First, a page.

Negative space

From Wikipedia, the free encyclopedia
Rubin's vase is an optical illusion in which the negative space around the vase forms the silhouettes of two faces in profile, a well-known example of figure-ground reversal by emphasizing that negative space.
FedEx's logo displays an arrow between letters E and x. Not being in full silhouette, the effect is subtle and may not be noticed.
The name "Michel Onfray" in negative space, with the surname shaped by the letters of the given name, and reciprocally.

In art and design, negative space is the empty space around and between the subject(s) of an image.[1] Negative space may be most evident when the space around a subject, not the subject itself, forms an interesting or artistically relevant shape, and such space occasionally is used to artistic effect as the "real" subject of an image.


The use of negative space is a key element of artistic composition. The Japanese word "ma" is sometimes used for this concept, for example in garden design.[2][3][4] In a composition, the positive space has the more visual weight while the surrounding space - that is less visually important is seen as the negative space.[5]

In a two-tone, black-and-white image, a subject is normally depicted in black and the space around it is left blank (white), thereby forming a silhouette of the subject. Reversing the tones so that the space around the subject is printed black and the subject itself is left blank, however, causes the negative space to be apparent as it forms shapes around the subject. This is called figure-ground reversal.

In graphic design of printed or displayed materials, where effective communication is the objective, the use of negative space may be crucial. Not only within the typography, but in its placement in relation to the whole. It is the basis of why upper and lower case typography always is more legible than the use of all capital letters.[6] Negative space varies around lower case letters, allowing the human eye to distinguish each word rapidly as one distinctive item, rather than having to parse out what the words are in a string of letters that all present the same overall profile as in all caps. The same judicious use of negative space drives the effectiveness of the entire design. Because of the long history of the use of black ink on white paper, "white space" is the term often used in graphics to identify the same separation.

Elements of an image that distract from the intended subject, or in the case of photography, objects in the same focal plane, are not considered negative space. Negative space may be used to depict a subject in a chosen medium by showing everything around the subject, but not the subject itself. Use of negative space will produce a silhouette of the subject. Most often, negative space is used as a neutral or contrasting background to draw attention to the main subject, which then is referred to as the positive space. In photography, negative space may also connote a type of shadows called ephemeral shadows.[7] Here, lighting is used to express the existence of an unseen space.[8]


Considering and improving the balance between negative space and positive space in a composition is considered by many to enhance the design. This basic, but often overlooked, principle of design gives the eye a "place to rest," increasing the appeal of a composition through subtle means.

The use of negative space in art may be analogous to silence in music, but only when it is juxtaposed with adjacent musical ideas. As such, there is a difference between inert and active silences in music, where the latter is more closely analogous to negative space in art.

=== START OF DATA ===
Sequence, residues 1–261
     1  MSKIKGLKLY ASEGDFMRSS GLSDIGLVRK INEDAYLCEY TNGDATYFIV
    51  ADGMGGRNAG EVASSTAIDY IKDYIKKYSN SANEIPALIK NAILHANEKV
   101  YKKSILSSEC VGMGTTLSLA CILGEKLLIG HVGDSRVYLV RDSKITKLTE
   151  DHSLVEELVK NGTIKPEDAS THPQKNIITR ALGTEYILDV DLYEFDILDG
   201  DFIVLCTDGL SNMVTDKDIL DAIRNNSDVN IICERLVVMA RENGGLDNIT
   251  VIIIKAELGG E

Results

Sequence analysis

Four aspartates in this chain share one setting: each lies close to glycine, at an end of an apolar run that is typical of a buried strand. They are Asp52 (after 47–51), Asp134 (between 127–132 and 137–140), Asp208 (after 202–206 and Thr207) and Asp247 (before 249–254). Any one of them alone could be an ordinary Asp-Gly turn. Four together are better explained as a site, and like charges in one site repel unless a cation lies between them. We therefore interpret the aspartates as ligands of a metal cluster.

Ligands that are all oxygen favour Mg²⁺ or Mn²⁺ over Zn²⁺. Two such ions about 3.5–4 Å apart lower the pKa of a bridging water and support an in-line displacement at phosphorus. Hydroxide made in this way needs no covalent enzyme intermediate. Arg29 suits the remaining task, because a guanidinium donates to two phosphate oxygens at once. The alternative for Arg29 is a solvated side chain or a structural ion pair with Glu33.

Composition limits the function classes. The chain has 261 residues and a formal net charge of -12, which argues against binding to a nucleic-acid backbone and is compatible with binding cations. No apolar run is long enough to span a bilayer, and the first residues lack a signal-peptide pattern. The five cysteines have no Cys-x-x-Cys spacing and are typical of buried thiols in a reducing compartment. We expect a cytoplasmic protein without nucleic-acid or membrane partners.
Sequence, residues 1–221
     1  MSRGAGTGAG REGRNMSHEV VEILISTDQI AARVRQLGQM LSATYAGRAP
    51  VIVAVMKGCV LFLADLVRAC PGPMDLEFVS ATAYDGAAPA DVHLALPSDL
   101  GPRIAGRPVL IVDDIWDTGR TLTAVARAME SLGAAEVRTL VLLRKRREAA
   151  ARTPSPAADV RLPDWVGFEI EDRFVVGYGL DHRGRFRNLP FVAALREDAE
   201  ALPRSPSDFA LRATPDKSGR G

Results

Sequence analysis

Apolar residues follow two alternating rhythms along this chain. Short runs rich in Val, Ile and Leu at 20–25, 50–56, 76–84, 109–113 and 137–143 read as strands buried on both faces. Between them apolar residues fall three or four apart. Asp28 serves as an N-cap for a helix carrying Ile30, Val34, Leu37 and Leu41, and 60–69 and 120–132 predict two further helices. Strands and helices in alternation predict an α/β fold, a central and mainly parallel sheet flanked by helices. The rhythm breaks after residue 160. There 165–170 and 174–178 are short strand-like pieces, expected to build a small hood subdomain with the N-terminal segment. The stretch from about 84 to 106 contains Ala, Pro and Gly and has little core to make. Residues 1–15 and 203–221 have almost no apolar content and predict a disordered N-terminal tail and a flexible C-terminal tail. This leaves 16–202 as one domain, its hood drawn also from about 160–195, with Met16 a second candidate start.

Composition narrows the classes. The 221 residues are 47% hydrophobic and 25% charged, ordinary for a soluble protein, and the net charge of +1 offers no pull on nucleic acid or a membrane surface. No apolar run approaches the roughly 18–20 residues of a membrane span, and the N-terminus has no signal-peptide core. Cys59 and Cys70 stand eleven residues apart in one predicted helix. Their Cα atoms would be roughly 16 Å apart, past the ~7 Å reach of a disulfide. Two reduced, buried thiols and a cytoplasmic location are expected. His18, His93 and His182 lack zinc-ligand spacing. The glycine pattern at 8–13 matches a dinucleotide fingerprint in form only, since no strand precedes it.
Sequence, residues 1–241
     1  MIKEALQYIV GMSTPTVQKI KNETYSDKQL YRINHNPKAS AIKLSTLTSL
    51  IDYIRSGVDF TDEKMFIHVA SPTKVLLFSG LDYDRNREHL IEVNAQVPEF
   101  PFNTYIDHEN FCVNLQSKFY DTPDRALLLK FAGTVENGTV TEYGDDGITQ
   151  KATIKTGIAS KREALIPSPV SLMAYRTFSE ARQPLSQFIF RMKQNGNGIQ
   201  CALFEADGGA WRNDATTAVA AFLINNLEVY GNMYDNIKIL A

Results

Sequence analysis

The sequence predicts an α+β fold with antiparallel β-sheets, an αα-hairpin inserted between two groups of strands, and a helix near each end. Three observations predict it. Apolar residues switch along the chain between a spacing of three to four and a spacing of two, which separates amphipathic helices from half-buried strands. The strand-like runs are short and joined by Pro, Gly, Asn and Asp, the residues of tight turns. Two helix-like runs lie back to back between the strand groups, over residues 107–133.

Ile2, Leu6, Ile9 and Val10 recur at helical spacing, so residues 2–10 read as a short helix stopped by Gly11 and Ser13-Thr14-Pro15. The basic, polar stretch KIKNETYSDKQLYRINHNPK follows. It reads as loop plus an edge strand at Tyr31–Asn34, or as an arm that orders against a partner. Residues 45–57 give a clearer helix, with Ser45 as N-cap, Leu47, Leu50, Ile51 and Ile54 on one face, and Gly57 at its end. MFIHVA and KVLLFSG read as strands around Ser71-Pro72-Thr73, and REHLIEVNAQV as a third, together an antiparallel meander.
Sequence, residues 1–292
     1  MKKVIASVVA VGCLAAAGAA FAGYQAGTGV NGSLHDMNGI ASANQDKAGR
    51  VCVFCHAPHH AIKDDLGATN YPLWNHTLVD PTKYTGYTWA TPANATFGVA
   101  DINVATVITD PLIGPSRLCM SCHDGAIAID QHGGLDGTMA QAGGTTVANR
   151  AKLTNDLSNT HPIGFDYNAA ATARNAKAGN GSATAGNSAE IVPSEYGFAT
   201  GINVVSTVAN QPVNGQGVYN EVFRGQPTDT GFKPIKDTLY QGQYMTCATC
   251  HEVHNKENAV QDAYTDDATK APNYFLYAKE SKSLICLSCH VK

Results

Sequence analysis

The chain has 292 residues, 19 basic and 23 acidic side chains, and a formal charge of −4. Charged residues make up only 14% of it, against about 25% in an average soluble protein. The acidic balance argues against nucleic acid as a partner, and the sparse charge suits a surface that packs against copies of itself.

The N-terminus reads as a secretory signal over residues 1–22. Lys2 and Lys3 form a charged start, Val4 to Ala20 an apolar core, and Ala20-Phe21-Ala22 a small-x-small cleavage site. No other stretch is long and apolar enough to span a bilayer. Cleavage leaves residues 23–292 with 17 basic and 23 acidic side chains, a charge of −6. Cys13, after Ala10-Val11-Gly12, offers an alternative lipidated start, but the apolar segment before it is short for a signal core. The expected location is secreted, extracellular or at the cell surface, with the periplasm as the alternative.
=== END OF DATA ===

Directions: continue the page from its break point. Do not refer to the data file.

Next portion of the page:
Negative space in art, also referred to as "air space", is the space around and between objects. Instead of focusing on drawing the actual object, for a negative space drawing, the focus is on what's between the objects. For example, if one is drawing a plant, they would draw the space in-between the leaves, not the actual leaves. This technique requires one to forget about a conceptual meaning of an object and forces them to observe through shapes, rather than drawing what they may think an object looks like.

Negative space is used with figure-ground ambigrams and tessellations to display words or pictures in different directions after rotation (one way or other depending on the symmetry of the image).[9][10]

See also[edit]


  1. ^ Cave, Alessandra (2013). Shooting with Soul: 44 Photography Exercises Exploring Life, Beauty and Self-Expression - From Film to Smartphones, Capture Images Using Cameras from Yesterday and Today. Beverly, MA: Quarry Books. p. 125. ISBN 978-1-59253-871-3.
  2. ^ "FAQ: 'Ma' and 'Mu' - Japanese Gardens Forum - GardenWeb". Retrieved 2009-11-11.
  3. ^ "ArtLex's Ne-Nz page". Archived from the original on 1999-05-04. Retrieved 2009-11-11.
  4. ^ "A Note for MA: Space/Time in the Garden of Ryoan-Ji - Iimura". Retrieved 2009-11-11.
  5. ^ Chen, Mark; Shannon, Chelsea (2020). Photography: A 21st Century Practice. Oxon: Routledge. p. 188. ISBN 978-1-000-18524-9.
  6. ^ Arditi, Aries; Cho, Jianna (2007). "Letter case and text legibility in normal and low vision". Vision Research. 47 (19): 2449–2505. doi:10.1016/j.visres.2007.06.010. PMC 2016788. PMID 17675131.
  7. ^ Sandler, Irving (2018). New York School. Oxon: Routledge. p. 151. ISBN 978-0-06-438505-3.
  8. ^ Barron, Patrick; Mariani, Manuela (2013). Terrain Vague: Interstices at the Edge of the Pale. Oxon: Routledge. p. 85. ISBN 978-0-415-82767-6.
  9. ^ Prokhorov, Nikita (15 March 2013). Alain Nicolas in Ambigrams revealed. New Riders. ISBN 978-0-13-308646-1. Retrieved 2021-08-07.
  10. ^ Nicolas, Alain (2018-04-06). Parcelles d'infini - promenade au jardin d'Escher - Alain Nicolas (in French). Belin, Pour la science. ISBN 978-2-84245-075-5. Retrieved 2021-08-07. {{cite book}}: |website= ignored (help)

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